November 1st, 2017
Transport Canada issued a news release on October 30: Government of Canada marks the one-year anniversary of the Oceans Protection Plan and introduces the Wrecked, Abandoned or Hazardous Vessels Act.
It makes for interesting reading.
Who can complain about a plan to “improve environmental protections and increase economic opportunities through tourism and fishing”.
I’m not complaining right now, but for any government plan the devil is in the details, so we will have to closely monitor how this develops.
Preventing abandoned vessels is something we can all support provided the expense and burden of enforcement is not shifted exclusively to the majority of responsible boaters.
Most pleasure boats have insurance in effect that would cover the cost of wreck removal and pollution remediation, if there was an accident. Abandoned boats almost never have insurance and they are the problem so how is the government going to tackle this issue?
Transport Minister Marc Garneau has said that he will be establishing a better system for licensing and registration for pleasure craft.
Better for whom, is my first question.
Does the government plan to make boat insurance mandatory and create an annual renewal for boat licenses? These types of initiatives can be very costly so watch out for an annual license with new fees that will be paid by the majority.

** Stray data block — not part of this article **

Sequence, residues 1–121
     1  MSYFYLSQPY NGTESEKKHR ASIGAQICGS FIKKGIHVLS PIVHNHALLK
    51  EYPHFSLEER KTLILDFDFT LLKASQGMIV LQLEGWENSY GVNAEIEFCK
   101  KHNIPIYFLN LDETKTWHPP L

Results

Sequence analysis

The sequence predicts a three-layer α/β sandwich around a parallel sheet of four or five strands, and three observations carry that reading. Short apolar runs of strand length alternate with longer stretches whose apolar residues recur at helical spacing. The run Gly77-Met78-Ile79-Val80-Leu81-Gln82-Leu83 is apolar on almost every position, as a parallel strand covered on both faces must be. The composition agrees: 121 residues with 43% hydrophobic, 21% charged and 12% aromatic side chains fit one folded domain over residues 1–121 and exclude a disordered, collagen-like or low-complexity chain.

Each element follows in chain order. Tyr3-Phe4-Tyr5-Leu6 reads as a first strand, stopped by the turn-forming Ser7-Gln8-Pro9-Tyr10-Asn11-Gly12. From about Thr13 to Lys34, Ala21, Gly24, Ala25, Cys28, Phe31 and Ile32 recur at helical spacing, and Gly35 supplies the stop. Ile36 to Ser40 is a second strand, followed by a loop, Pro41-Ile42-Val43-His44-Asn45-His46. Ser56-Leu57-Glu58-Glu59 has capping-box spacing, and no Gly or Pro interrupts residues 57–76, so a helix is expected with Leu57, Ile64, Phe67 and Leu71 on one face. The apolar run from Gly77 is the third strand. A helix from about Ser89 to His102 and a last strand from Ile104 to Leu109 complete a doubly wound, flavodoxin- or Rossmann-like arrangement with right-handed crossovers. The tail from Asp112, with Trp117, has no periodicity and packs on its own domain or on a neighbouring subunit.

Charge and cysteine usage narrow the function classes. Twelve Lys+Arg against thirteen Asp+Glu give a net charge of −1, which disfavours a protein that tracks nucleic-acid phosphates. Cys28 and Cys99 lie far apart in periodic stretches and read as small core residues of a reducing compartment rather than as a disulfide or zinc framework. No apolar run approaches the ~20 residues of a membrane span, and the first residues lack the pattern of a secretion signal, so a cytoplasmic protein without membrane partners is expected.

Improving the environment and increasing tourism does not exclusively benefit boat owners so they should not be expected to shoulder the full cost of this initiative. The next phase will be assessing the problem.
Anecdotally I don’t see this as a big problem in the Prairies, Ontario, Quebec or the Atlantic Provinces. Abandoned pleasure boats in these regions are usually on shore which reduces the risk and cost of wreck removal. However, I do recognize there is a problem in BC. The assessment phase will reveal the scale and location of the problem so I welcome that news.
I will keep an open mind as this moves through consultation, committees and legislative phases.
Boaters also need to watch this development very closely. I will also commit to maintaining contact with boating associations across Canada as well as the NMMA Canada who consults with the federal government on behalf of all boaters.
~ Andrew Robertson
Senior Vice President, Skippers’ Plan
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